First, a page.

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Can I cut my spouse out of my Will?

27th July 2022 by Kate Mansfield

Categories: What's New?
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When you make your Will, you are entitled to leave your estate to your choice of beneficiary. While this means that you can choose to cut your spouse out of your Will, there is a chance that they may still be able to make a claim.

In England and Wales, everyone aged 18 or over who has sufficient mental capacity can make a Will leaving their wealth and possessions to whoever they want. This is known as testamentary freedom.

The Inheritance (Provision for Family and Dependants) Act 1975

The Inheritance (Provision for Family and Dependants) Act 1975 (the Act) allows certain individuals to claim against the estate of someone where they did not receive reasonable financial provision, but had the expectation of being supported.

A spouse can bring a claim under the Act if they can demonstrate that the lack of support was not reasonable. If asked to intervene, the court will look at the standard and style of living they had while the deceased was alive and their reasonable expectations as well as what an individual might have expected to receive from a divorce. The level of support awarded could therefore be higher than simply enough to cover day to day maintenance.

Individuals who can claim under the Act include a spouse, civil partner, former spouse, former civil partner (neither of these persons should have remarried), someone who had been living with the deceased as if they were a spouse or civil partner for two years before their death, a child of the deceased, someone who was treated by the deceased as their child and anyone else who was being maintained by the deceased at the time of their death. This could be by way of maintenance payments, provision of housing or the giving of substantial gifts.

Planning for the future

If you do want to leave your spouse out of your Will for some reason, perhaps because you are both well off and have agreed not to leave any money to each other or because you want to ensure that your children are provided for in the future, you are advised to speak to a Wills expert.

There are steps that can be taken to reduce the risk of your estate being left where you would not want. For example, if you leave your spouse a life interest in a property that you share, then when they no longer need to live there, your share can pass in accordance with the terms of your Will, which could be to your children.

If you have been married and you are divorcing or you intend to remarry, you should also contact a legal expert as these steps will affect any existing Will. On divorce, your former spouse is no longer entitled to receive anything from your estate. If you marry, any existing Will becomes invalid, unless it was made in contemplation of your marriage.

If you have any further questions relating to your Will please contact a member of Laceys Private Client Team on 01202 377984.

Kate Mansfield

Partner — Private Client

Direct dial: 01202 377853

Email

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  • “We have had the pleasure of Kate’s sensitive and unwavering professional support for a number of years. She has always been able to combine her deep expertise, with practical context and a tone of voice that gently escorts you through, often difficult decisions. We could not recommend Kate highly enough, both professionally and personally.”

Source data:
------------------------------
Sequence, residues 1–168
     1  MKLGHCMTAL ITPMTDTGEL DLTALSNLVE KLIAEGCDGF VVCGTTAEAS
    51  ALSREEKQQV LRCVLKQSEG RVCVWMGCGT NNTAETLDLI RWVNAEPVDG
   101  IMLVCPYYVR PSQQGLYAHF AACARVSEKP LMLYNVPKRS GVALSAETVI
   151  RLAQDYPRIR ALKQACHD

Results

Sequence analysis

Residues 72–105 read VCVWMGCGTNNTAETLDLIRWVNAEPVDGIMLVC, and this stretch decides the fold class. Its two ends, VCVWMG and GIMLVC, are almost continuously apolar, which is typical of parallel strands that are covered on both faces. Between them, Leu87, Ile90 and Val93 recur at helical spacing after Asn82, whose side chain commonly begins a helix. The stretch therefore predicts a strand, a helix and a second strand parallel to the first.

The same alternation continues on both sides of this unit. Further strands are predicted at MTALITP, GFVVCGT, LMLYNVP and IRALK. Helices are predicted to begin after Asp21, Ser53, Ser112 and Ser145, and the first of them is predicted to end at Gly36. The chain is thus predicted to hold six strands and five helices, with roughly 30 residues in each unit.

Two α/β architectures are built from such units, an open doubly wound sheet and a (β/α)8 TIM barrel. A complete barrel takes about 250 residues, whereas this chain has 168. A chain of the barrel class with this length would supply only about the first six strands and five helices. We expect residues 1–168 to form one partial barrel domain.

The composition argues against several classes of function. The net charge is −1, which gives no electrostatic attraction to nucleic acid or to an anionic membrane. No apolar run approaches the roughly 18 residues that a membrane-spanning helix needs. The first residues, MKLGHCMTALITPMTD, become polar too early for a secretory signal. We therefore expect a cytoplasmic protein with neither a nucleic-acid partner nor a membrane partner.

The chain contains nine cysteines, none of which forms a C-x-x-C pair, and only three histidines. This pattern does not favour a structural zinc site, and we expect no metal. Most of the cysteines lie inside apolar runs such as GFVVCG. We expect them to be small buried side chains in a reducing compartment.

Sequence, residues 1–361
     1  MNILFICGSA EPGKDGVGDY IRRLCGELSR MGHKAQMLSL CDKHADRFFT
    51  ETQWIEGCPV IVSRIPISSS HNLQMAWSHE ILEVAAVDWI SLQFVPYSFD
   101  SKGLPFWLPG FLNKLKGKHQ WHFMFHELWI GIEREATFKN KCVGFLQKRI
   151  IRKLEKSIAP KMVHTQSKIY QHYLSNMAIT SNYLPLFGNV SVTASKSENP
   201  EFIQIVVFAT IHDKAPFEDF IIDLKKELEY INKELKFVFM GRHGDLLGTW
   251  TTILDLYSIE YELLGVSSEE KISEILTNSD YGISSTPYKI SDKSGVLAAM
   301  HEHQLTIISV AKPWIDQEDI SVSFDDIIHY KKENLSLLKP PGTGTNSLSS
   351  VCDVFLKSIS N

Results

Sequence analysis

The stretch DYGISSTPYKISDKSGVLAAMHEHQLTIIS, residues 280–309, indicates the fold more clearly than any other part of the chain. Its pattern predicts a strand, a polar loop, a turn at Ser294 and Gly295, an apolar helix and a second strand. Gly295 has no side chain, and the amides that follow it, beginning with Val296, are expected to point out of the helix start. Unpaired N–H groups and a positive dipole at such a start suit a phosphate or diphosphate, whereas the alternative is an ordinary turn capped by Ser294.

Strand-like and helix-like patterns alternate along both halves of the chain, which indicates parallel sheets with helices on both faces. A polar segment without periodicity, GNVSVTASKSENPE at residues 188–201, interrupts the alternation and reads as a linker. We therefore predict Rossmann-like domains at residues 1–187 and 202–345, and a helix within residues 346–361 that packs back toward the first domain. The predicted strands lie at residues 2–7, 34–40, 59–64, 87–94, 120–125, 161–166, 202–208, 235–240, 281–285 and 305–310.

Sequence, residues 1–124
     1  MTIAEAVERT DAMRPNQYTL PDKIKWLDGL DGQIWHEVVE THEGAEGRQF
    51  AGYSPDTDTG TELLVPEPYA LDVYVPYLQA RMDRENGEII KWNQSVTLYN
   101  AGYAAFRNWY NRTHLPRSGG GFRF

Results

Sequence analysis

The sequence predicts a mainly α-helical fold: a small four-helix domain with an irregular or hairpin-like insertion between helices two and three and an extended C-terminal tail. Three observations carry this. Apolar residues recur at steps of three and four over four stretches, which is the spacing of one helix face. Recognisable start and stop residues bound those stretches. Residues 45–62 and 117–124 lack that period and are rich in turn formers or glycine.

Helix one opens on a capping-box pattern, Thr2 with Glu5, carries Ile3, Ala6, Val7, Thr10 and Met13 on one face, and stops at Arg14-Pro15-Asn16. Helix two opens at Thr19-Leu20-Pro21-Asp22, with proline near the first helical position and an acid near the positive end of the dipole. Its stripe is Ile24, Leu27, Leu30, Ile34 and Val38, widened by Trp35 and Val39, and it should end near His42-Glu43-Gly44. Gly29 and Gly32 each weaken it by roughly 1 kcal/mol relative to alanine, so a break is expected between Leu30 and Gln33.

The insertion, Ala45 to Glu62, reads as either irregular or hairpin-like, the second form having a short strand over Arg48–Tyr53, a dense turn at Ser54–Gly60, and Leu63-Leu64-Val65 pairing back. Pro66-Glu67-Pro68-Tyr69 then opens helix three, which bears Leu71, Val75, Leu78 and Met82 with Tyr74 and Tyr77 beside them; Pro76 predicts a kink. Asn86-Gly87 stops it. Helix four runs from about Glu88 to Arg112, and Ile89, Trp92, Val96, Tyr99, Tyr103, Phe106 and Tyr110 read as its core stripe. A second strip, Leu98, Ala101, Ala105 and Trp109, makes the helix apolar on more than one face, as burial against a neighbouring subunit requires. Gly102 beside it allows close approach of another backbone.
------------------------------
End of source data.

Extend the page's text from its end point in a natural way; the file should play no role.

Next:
Simon Bennett

  • “Kate was extremely knowledgeable, straightforward to deal with as well as sympathetic during what was a difficult time. I felt in good hands!”

    Elisabeth Bonelli

  • “We were treated with respect and felt our wishes were taken in consideration. The patience shown in helping us understand the implications of decisions was outstanding.”

    Francesca Remix

  • “Very efficient and welcoming. Understood my access requirements and my unique concerns thoroughly.”

    Hannah Fielding (wheelchair user)

  • “Mrs Mansfield has been exemplary in every respect. She is an excellent listener and has the ability to explain complex issues patiently and emphatically. We are fortunate in having her as our legal adviser.”

    Neville Osrin

  • “Professional, always available for a phone enquiry. Always informed me as thing's progressed. Excellent company with very pleasant and helpful front of house. My sincere thanks.”

    Susan Dawn Godfrey

  • “Kate took the trouble to understand the particularities affecting my Will and found sensible ways of dealing with them.”

    Peter Andrews

Kate is head of our Private Client Team and has 25 years’ experience in private client work, specialising in wills, tax planning and estate administration. Kate has worked in this area since she qualified and has assisted thousands of families and individuals.

Kate qualified as a solicitor in 1995 after obtaining a 2.1 in Law from the University of Kent. She completed her training contract with Laceys and became a partner in 2002.

Kate is a full member of the Society of Estate and Trust Practitioners (STEP) and sat on the STEP committee for 6 years. She has also taught on the Legal Executives course at Bournemouth & Poole College.

Kate enjoys the personal side of the work and the satisfaction of assisting the bereaved and families with complex affairs, whether it be complex financial aspects or those where a diplomatic hand is required. She prides herself on being able to explain the legal position in plain English.

Out of the office she enjoys keeping fit. She enjoys going to the gym and getting out into the Dorset countryside on her road bike. Cooking, particularly baking, is also a passion.

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